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What were music videos made for in the 70's?

Discussion in 'Music Corner' started by Tjumy, Jun 13, 2019.

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  1. Tjumy

    Tjumy Well-Known Member Thread Starter

    Before MTV even existed, who watched music videos and how? Were there are TV programs showing them? I know videos have been existing for much longer than MTV.
  2. OobuJoobu

    OobuJoobu Forum Resident

    Yorkshire, UK
    Top Of The Pops in the UK.

    It meant the band didn't have to turn up in person every week to mime the song to a bunch of bored looking teenagers.
  3. lightbulb

    lightbulb Not the Brightest of the Bunch

    Smogville CA USA
    In the 70’s, Midnight Special, Don Kirshner’s Rock Concert, and occasional talk shows would show music videos, either in their entirety or snippets.
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  4. The Lone Cadaver

    The Lone Cadaver Bass & Keys Cadaver

    Even Ed Sullivan and the Smothers Brothers used them on their shows.
  5. Evethingandnothing

    Evethingandnothing Forum Resident

    Not only that, I think they had to rerecord the song for the performance, due to musician's union stuff. I'm not sure of the exact details though.
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  6. McLover

    McLover Senior Member

    Also, for Australian Movie Theaters for promoting records.
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  7. PTgraphics

    PTgraphics Senior Member

    I have a few 70s Styx videos that are labeled as Promo. Not sure if they were ever shown on a network show or just for the record label.
  8. bataclan2002

    bataclan2002 All You Need Is Now.

    I had thought they were used to promote bands and artists in markets where they didn’t necessarily tour.
    Jarleboy and mmars982 like this.
  9. bataclan2002

    bataclan2002 All You Need Is Now.

    Such a brilliant idea! Never saw this happen in the US that I’m aware of.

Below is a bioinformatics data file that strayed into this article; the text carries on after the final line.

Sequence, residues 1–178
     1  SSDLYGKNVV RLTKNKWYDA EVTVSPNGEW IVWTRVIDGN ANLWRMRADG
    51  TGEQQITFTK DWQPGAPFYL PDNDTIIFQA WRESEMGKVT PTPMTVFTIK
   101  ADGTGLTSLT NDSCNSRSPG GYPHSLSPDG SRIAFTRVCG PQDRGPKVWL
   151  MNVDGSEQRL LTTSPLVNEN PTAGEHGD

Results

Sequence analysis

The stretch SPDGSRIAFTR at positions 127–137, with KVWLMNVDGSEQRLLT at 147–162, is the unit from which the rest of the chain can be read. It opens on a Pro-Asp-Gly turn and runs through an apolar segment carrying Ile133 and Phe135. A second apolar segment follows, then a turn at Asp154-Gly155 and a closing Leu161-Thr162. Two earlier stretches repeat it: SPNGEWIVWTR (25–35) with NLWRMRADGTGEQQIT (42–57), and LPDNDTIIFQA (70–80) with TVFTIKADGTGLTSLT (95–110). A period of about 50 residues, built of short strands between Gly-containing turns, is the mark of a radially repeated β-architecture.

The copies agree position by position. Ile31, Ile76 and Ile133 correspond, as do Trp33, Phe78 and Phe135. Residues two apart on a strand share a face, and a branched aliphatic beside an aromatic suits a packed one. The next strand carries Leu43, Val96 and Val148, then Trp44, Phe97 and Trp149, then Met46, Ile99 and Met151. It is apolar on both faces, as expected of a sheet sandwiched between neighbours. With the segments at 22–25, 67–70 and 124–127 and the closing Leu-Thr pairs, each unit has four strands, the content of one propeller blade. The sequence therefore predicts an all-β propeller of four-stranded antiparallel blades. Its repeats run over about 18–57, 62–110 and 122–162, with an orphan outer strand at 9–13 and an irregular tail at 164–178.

10. dkmonroe

    dkmonroe A completely self-taught idiot

    I remember seeing videos on DKRC and I always thought it was really lame. Little did I know it would be the SOP for music artists in just a few years.

    Were videos also used for promotion within the industry? I seem to remember hearing something about that once.
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  11. Dillydipper

    Dillydipper Space-Age luddite

    Central PA
    I would imagine record companies had to work pretty hard to get their acts seen once they start to get some chart or radio traction. I recall there was a cable tv system in the Cleveland area in the late-70s, where customers were serviced with a five-button control that interracted with the cable box, and they were looking for things to do with that, from local government functions to new ways to order products. Wouldn't surprise me if they had tried some sort of video jukebox function now and then.
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  12. David G.

    David G. Forum Resident

    Austin, TX
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  13. starfieldroad

    starfieldroad chew up your love then swallow

    The Kenny Everett Video Show (1978-1981)
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  14. rkt88

    rkt88 The unknown soldier

    malibu ca
    elektra asylum and wb bros all had video dept's ( tiny but they grew ) for "promo" purposes as mentioned here.
  15. Emilio

    Emilio Senior Member

    Yes, there were music shows on TV all over the world, I presume. In Brazil, at least, there were a few. Or variety shows where such videos could be shown.
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  16. thetman

    thetman Forum Resident

    Bohemian Rhapsody video was considered a big thing when it came out. Like on shows American bandstand. I think they called it the "film" of the song or something like that- but not a video as we know today.